Telomere lengthening to antagonize myocardial aging
- Author(s): Cottage, Christopher Travis;
- Cottage, Christopher Travis
- et al.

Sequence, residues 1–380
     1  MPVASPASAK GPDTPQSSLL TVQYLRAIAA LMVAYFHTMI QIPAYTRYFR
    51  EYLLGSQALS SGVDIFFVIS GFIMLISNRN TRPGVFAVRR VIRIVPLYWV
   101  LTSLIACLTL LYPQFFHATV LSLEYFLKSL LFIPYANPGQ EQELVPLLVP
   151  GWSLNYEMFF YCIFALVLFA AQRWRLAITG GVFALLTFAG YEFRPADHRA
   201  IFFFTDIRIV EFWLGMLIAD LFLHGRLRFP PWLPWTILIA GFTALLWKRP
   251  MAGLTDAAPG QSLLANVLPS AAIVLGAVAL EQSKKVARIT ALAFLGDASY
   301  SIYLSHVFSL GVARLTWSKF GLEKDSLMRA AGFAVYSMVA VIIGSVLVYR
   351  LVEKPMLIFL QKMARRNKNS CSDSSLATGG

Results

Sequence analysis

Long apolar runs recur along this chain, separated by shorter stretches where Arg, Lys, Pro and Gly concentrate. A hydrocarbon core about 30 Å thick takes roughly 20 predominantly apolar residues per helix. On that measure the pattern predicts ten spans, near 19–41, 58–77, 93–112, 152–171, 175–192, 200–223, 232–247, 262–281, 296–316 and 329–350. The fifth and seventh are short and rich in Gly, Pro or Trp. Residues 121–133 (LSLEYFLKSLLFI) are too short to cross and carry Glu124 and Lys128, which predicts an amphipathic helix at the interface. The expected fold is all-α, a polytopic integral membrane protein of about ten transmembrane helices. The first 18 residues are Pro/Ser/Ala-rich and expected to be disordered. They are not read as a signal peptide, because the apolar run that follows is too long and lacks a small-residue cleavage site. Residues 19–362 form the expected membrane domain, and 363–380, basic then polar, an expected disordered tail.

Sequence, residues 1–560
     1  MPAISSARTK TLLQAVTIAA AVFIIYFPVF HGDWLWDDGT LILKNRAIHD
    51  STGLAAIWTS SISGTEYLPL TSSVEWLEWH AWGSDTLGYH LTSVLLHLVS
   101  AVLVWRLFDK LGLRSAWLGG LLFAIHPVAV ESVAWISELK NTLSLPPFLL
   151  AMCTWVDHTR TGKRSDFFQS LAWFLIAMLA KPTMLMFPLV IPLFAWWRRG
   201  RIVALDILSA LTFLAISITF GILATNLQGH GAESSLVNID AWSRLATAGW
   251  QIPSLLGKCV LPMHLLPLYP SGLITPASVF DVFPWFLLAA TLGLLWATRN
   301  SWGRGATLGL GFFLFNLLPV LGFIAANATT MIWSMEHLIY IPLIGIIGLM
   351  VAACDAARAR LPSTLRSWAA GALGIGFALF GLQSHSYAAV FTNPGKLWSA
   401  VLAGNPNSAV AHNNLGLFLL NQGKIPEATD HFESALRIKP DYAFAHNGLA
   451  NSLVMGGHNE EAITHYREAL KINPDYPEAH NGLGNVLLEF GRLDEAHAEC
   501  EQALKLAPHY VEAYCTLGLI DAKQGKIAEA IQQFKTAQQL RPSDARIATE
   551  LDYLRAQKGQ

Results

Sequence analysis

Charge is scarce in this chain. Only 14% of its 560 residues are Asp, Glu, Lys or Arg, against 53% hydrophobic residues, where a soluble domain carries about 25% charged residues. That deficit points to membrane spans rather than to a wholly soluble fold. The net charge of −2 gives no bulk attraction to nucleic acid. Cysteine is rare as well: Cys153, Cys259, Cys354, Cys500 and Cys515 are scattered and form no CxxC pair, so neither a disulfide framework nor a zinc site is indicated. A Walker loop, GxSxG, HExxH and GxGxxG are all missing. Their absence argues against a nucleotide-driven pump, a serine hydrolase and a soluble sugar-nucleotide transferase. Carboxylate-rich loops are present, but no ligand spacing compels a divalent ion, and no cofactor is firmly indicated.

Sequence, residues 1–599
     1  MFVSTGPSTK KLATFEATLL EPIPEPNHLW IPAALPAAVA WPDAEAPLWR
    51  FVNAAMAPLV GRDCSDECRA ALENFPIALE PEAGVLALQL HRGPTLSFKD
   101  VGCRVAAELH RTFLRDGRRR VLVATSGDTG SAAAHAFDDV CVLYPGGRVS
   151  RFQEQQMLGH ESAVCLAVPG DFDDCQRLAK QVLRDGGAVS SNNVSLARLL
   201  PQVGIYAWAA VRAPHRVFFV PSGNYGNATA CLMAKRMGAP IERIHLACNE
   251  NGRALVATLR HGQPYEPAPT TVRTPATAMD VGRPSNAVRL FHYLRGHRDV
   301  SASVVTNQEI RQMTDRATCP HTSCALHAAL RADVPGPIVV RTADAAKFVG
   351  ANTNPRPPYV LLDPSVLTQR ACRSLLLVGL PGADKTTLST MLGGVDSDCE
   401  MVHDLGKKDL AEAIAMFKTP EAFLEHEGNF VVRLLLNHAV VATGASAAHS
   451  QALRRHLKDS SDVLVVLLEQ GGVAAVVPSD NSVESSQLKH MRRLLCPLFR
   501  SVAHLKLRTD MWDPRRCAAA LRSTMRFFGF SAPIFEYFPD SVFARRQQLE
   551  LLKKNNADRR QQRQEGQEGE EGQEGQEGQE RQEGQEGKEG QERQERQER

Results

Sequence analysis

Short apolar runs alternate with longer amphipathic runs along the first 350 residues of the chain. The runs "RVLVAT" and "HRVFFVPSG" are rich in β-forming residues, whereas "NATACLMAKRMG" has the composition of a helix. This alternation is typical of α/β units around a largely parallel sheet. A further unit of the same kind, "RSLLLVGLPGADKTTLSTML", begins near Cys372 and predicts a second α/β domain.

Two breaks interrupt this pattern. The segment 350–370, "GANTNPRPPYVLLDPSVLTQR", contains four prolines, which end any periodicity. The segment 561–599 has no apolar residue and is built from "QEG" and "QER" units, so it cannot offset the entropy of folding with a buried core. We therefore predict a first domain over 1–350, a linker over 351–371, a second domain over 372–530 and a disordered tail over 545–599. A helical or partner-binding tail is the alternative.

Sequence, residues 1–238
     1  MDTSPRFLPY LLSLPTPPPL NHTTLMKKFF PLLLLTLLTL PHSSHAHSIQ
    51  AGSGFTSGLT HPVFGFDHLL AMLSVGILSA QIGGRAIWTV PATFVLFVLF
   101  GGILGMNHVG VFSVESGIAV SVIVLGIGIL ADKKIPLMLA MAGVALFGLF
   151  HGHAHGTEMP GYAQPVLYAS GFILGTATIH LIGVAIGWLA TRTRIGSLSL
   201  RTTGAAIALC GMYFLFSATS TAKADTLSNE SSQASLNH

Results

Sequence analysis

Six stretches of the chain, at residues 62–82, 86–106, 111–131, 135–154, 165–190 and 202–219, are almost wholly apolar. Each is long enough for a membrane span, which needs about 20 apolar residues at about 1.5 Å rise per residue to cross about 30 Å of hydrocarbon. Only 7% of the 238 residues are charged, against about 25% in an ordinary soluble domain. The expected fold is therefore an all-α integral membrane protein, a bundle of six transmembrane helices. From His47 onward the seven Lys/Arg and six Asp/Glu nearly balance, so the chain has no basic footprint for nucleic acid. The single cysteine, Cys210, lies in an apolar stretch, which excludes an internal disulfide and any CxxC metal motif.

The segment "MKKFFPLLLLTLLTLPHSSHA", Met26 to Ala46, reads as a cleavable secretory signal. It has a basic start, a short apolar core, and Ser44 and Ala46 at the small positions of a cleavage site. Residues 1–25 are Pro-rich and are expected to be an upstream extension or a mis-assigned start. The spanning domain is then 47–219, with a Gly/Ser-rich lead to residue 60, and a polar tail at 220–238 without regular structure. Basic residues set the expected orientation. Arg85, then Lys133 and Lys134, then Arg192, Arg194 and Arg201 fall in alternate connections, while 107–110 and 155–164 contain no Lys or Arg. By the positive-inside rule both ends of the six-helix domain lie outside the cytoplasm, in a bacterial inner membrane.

Aging is associated with onset and progression of cardiovascular disease resulting from changes at both cellular and molecular levels. Accumulation of senescent cells in the myocardium has been implicated in deterioration of hemodynamic performance and impaired reparative processes. Cellular senescence can be linked to oxidative stress and repeated cellular divisions, both of which lead to telomeric shortening. Telomeres are the distal ends of chromosomes that consist of nucleotide repeats that function to protect important DNA from damage. Cells with critically short telomeres become senescent and are no longer able to divide, making them more likely to undergo apoptosis. Telomeres are protected from shortening by multiple factors that protect the structure as well as regulate access to the telomere by telomerase (TERT), the enzyme responsible for telomere elongation. Maintenance of telomeres depends upon coordination of multi-molecular complexes that can be thought of as regulators of the "cellular clock" defined by telomeric length and tied to the aging phenotype. Myocyte replacement occurs throughout the mammalian lifespan and is thought to be dependent in part upon a cardiac progenitor cell (CPC) pool, the onset of senescence in the CPC population has been postulated to play a role in progressive structural and functional deterioration of the aged myocardium. Our lab has recently identified a serine/ threonine kinase named Pim-1 to be protective in the heart downstream of the nodal kinase Akt¹· ². While investigating the functions of this newly found cardiac kinase we found that cardiomyocytes (CMs) as well as CPCs overexpressing Pim-1 had the ability to repeatedly divide in vitro and in vivo. The increased mitotic activity did not result in genetic instability, the cells maintained the ability to cycle several passages and still differentiate into the appropriate cardiac cell types. The goal of this study was to demonstrate that preservation of telomeres and a more youthful phenotype in CPCs is mediated by the cardioprotective kinase Pim-1. Herein we demonstrate that telomeres are rapidly lengthened with Pim-1 overexpression in CPCs and CMs, which coincides with increased proliferation in CPCs. Mechanistically, we find that Pim-1 dependent telomere lengthening results from interactions with TERT and is also dependent upon c-Myc activity. In vivo telomere length is preserved by Pim-1 activity in response to cardiomyopathic stimuli and is coincident with enhanced TERT activity. Mechanisms maintaining or lengthening telomeres can serve as a "fountain of youth," allowing cells to sustain a young phenotype and fight against the diseases commonly associated with cardiovascular dysfunction